Nick Bailey, chief customer officer at RE/MAX, said pandemic-induced permanent closings of retail and office buildings have created “an opportunity to flip some of the commercial space in high density markets into affordable housing.” Although he expects more investors to take advantage of this in the near future, this approach can’t meet the demand.
Ben She, a volunteer with 5th Square, an urbanist political action committee, agreed that more funding is needed to build housing residents can afford, but he pointed to the role that zoning plays. In an attempt to ensure housing obligations are spread throughout Philadelphia, the group is asking Mayor Jim Kenney to veto a bill City Council passed last week that would restrict development in much of Society Hill. The mayor had rejected such legislation last year.
The city “can’t let certain places off the hook because they have the clout or political power,” said She, who worried other registered community organizations in high-income areas will “become empowered to produce their own local downsizing as overlay districts” and keep from absorbing their fair share of housing.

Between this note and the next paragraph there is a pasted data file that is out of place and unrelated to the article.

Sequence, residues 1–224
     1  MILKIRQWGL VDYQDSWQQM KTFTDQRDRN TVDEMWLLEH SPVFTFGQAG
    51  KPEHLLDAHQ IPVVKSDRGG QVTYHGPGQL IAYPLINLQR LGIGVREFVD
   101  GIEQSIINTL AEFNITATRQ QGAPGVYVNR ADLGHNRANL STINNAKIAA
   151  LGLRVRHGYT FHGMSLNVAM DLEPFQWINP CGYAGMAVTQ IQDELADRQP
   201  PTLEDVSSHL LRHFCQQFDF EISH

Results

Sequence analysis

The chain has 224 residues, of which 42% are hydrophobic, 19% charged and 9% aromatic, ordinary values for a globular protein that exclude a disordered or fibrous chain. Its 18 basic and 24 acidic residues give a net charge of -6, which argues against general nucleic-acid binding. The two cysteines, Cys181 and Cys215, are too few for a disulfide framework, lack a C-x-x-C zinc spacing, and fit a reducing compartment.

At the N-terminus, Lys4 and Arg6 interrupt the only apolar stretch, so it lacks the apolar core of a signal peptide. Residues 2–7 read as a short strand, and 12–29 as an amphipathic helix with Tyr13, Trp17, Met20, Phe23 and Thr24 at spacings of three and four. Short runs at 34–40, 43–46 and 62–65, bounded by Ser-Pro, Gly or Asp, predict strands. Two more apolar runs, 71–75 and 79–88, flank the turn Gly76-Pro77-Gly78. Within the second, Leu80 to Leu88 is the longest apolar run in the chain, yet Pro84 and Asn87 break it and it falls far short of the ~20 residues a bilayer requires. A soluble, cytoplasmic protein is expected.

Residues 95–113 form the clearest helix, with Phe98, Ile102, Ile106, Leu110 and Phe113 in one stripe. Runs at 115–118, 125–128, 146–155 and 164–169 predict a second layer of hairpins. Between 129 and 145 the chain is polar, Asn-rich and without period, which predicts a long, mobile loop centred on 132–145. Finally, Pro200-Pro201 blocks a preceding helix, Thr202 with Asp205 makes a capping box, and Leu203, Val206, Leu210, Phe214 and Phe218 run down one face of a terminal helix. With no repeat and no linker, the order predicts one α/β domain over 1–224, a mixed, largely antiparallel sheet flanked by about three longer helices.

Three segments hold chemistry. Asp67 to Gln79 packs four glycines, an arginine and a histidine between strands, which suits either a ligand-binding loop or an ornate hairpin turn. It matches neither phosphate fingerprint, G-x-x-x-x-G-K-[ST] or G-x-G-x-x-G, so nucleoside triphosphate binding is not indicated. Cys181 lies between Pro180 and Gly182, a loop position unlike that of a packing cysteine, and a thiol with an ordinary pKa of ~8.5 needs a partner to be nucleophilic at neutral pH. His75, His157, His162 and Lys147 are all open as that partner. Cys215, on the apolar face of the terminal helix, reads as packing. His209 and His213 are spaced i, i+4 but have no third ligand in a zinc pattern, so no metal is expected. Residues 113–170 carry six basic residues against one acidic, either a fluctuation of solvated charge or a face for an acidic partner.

Before City Council voted unanimously to approve the bill Thursday, Councilmember Mark Squilla, the bill’s sponsor, rejected activists’ characterizations of the bill.
“The concern that we’re hearing about, you know, this being a pressure on other neighborhoods and also racist in a way that would make the neighborhood more white, is not true," he said during the Council meeting. He said he compromised with Society Hill residents, who “didn’t get everything they wanted as far as this,” because the bill narrowed down the area in which certain building height restrictions are in effect.
“It was hard to go through and manage the community needs, the historic needs, the affordability needs," Squilla said. "And so we think we did the best we can to make this overlay possible.”